Dear Valued Customer,
We reported in our August 10th newsletter that Presidential Executive Order 13936 dealing with Hong Kong Normalization would require imported goods produced in Hong Kong to no longer be marked to indicate “Hong Kong” as their origin, but must be marked to indicate “China” within 45 days of the date the order was published in the Federal Register on August 11, which would have fallen on September 25, 2020.
However, on Friday, August 21, Customs and Border Protection issued CSMS #43729326 – GUIDANCE: Additional 45-day Compliance Period for Hong Kong Normalization, wherein they announced, “In an effort to allow importers ample time to comply with EO (executive order) requirements for goods produced in Hong Kong to be appropriately marked with the origin of “China”, CBP is extending the transition period for an additional 45 days, through November 9, 2020. During this period, CBP personnel from the Ports of Entry and Centers of Excellence and Expertise (Centers) should not take any enforcement actions (i.e., marking notices, marking penalties, etc.) on goods produced in Hong Kong for purposes of 19 U.S.C. 1304. Centers and Ports of Entry should take measures to inform accounts and importers of these new marking rules for Hong Kong set forth in the EO.”
CBP’s message went on to state, “This change in marking requirements does not affect country of origin determinations for purposes of assessing ordinary duties under Chapters 1-97 of the HTSUS or temporary or additional duties under Chapter 99 of the HTSUS. Entry summary procedures also have not changed. Given that this new rule only applies to marking requirements under 19 U.S.C. 1304, filers should continue to file their entry summaries and submit payments for applicable duties, taxes and fees in accordance with current regulations and policies.”
CBP has previously advised that the change in marking requirements for products from Hong Kong doesn’t subject the goods to tariffs meant for goods from China. CBP confirmed in list of frequently asked questions posted to the agency’s website Aug. 12, stating, “Therefore, goods that are products of Hong Kong should continue to report International Organization for Standardization (ISO) country code ‘HK’ as the country of origin when required.”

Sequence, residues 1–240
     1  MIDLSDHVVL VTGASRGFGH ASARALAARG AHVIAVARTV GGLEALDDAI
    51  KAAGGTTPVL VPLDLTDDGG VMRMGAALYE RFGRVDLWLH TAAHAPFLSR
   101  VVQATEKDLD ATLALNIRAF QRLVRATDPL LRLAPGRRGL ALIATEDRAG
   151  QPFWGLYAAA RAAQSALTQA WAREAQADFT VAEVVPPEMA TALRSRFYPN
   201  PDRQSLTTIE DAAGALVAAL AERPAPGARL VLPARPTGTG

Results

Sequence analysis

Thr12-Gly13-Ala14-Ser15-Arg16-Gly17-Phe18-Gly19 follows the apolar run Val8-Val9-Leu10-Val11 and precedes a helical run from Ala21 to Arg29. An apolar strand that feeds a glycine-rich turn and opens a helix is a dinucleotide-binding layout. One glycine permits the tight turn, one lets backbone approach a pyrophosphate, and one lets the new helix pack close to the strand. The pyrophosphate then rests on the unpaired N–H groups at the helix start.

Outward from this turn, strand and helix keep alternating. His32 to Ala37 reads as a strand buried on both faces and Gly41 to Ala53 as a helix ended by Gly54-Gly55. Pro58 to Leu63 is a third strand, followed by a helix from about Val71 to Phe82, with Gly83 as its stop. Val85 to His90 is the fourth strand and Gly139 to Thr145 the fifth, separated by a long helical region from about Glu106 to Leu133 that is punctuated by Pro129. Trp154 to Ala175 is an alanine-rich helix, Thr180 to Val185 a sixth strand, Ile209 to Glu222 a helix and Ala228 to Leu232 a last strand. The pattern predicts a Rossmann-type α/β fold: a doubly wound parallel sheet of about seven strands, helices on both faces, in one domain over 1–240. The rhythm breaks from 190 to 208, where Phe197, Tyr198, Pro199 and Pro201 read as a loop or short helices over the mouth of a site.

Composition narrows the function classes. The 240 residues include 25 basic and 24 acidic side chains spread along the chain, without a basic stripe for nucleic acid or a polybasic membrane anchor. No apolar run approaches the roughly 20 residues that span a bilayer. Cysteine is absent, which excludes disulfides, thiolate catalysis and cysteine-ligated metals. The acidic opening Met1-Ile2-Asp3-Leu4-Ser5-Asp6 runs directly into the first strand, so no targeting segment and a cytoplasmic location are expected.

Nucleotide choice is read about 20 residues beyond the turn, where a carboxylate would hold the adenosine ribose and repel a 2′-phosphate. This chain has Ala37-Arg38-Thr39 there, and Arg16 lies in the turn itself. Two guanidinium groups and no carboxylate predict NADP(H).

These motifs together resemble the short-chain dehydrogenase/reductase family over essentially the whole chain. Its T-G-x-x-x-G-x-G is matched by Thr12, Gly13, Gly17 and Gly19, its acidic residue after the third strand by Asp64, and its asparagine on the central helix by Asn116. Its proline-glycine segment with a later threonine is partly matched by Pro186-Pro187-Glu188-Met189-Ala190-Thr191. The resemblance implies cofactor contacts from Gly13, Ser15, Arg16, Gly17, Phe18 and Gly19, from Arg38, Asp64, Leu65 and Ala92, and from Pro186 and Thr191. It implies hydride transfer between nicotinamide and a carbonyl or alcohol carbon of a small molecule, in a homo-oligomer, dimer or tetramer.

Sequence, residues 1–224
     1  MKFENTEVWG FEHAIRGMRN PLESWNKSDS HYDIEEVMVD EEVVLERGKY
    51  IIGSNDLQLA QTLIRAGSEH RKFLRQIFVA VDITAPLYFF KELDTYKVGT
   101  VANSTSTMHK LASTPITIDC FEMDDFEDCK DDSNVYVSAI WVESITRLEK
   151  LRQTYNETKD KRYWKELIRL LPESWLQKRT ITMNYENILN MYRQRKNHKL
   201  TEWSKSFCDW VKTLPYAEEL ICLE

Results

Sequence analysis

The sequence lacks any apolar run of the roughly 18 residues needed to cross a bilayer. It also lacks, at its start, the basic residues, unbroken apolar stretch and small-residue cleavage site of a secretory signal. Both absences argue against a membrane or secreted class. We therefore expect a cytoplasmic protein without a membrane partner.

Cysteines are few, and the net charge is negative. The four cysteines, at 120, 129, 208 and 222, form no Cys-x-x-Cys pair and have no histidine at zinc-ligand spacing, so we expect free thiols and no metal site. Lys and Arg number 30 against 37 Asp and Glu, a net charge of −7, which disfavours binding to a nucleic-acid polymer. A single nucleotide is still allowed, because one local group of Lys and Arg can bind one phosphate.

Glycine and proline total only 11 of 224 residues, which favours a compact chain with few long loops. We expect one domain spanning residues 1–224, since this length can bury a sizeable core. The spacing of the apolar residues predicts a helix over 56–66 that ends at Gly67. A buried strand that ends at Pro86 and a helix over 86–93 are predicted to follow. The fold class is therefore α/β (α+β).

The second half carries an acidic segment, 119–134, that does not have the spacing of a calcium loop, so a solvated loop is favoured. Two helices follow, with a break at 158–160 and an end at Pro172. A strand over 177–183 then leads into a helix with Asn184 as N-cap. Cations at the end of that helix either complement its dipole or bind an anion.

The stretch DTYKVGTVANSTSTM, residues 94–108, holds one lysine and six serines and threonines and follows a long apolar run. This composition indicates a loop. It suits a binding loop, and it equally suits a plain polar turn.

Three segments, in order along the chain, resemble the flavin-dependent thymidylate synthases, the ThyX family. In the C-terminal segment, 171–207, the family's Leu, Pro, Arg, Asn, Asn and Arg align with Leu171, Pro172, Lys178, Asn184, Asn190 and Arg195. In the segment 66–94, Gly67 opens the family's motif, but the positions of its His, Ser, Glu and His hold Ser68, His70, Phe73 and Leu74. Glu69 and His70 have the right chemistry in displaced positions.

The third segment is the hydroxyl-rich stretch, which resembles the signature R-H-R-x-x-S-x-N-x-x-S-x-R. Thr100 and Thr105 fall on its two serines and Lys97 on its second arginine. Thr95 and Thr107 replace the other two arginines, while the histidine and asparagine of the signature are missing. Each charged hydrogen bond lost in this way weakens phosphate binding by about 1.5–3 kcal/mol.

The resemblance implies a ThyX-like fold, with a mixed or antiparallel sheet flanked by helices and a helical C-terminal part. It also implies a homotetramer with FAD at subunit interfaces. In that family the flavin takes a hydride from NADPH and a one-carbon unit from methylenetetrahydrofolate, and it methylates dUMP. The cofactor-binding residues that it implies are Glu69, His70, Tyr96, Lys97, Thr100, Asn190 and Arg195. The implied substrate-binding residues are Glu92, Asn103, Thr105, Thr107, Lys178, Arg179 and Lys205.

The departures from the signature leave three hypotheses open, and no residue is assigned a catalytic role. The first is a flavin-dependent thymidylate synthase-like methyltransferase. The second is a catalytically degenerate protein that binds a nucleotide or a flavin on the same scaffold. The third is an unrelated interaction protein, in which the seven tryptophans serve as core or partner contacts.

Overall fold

There have been questions from importers regarding the timing of enforcement of the country of origin marking of “China” on/after November 9. To be clear, the executive order is technically already in effect and Hong Kong suppliers must ensure that, regardless of the date of production of the product, all goods should be remarked with the country of origin as “China” BEFORE the goods are exported to the USA to avoid clearance delays and additional costs for marking violations after November 9. Even if the goods were exported well in advance of November 9 without being marked as “China”, if clearance of the goods is delayed beyond November 9, the goods will be subject to the marking requirements as of the date of entry. If the goods are not properly marked to comply with the EO as of November 9, the goods may be subject to a “marking penalty” of 10% and may need to be re-marked in a bonded facility or elsewhere under Customs supervision based on 19 USC 1304 (i).
Thank you very much for your attention. If you have any questions, please contact your nearest JJB representative.
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